Casing while drilling provides immediate benefits, saving both time and money by altering the steps needed for the drilling process. On top of this, the CwD system also provides a whole host of additional benefits. The benefits of casing while drilling can be summarized below;


Save Time and Cost

As mentioned in the introduction part, Basic Knowledge of Casing while Drilling (CwD), CwD is able to save operation time by cutting down flat time and reducing operational risk. When compared to conventional drilling, CwD can provide a time saving of between up to 37.5% of time spent on a well based on historical data from a field in Oman (136107-PA SPE Journal Paper – 2012). Continue reading

Basic Knowledge of Casing while Drilling (CwD)

Casing while drilling (CwD) has been around for many years and it is one of proven technologies that can save both time and money. CwD is a process where a well is simultaneously drilled and cased; the casing is used for the drill string, and is rotated to the drill and cemented into the well at TD. One of the main benefits of this process is that it greatly cuts down on the tripping time needed to pull out the bottom hole assembly (BHA) and run the case- if not removing this need entirely. Therefore, the flat time is reduced, and the process is made more economically viable.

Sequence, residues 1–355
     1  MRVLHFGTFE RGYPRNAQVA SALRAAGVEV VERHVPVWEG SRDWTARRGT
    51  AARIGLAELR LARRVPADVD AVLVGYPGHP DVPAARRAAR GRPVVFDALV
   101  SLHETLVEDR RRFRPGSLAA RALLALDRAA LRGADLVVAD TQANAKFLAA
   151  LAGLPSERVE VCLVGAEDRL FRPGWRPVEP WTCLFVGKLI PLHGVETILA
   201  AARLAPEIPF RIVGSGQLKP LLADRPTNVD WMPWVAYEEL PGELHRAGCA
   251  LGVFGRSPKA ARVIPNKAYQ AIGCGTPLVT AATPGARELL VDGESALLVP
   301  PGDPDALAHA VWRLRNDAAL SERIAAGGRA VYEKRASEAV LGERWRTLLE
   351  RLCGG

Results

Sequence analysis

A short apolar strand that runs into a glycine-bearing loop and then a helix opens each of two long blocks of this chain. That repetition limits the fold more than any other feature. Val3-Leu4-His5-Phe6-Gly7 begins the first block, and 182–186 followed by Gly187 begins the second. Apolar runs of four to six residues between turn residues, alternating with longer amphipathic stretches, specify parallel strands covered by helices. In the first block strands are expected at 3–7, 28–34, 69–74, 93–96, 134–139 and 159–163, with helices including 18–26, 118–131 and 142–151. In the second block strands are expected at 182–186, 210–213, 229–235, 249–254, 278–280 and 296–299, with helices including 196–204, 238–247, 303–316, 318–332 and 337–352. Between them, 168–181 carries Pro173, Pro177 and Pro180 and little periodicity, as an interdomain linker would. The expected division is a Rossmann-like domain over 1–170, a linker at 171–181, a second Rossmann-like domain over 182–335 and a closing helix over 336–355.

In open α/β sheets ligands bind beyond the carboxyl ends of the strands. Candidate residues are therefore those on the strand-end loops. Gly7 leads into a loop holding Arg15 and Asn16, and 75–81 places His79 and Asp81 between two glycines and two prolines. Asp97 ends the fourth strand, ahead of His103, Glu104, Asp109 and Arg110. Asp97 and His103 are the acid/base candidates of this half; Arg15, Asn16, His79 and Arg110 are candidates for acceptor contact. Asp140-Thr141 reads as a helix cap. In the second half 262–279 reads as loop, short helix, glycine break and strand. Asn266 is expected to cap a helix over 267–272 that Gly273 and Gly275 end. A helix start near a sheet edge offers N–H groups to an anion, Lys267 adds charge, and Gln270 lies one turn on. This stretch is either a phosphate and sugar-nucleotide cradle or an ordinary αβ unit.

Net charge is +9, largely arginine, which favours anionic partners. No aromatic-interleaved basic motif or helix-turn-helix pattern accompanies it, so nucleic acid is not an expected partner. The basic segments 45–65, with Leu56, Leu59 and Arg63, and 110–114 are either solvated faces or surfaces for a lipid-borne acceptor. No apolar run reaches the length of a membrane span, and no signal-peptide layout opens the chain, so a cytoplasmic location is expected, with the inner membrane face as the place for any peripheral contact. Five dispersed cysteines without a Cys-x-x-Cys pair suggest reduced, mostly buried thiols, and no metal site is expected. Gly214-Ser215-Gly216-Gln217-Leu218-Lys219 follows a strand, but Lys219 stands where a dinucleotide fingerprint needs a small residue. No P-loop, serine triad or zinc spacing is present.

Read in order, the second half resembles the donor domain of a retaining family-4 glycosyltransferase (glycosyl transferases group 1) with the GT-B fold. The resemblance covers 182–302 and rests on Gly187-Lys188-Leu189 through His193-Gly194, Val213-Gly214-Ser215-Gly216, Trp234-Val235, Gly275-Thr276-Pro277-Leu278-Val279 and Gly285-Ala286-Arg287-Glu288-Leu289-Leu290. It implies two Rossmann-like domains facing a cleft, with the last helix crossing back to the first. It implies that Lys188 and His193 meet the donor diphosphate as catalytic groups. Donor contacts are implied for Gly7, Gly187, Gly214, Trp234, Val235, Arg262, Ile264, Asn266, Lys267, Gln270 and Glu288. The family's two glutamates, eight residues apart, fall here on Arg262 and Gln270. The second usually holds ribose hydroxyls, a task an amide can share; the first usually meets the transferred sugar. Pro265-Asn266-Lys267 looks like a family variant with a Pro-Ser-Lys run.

Figure 1- Casing while Drilling Operation (Courtesy of Weatherford)

Figure 1- Casing while Drilling Operation (Courtesy of Weatherford)

As shown in Figure 2 below, which is an example of Casing while Drilling utilized in one of oilfields in Oman for drilling surface section; this process can save up to 37.5% of time spent on a well based on historical data.

Figure 2 – A comparison between conventional drilling and casing while drilling of one field in Oman (136107-PA SPE Journal Paper - 2012).

Figure 2 – A comparison between conventional drilling and casing while drilling of one field in Oman (SPE 136107-PA ,SPE Journal Paper – 2012).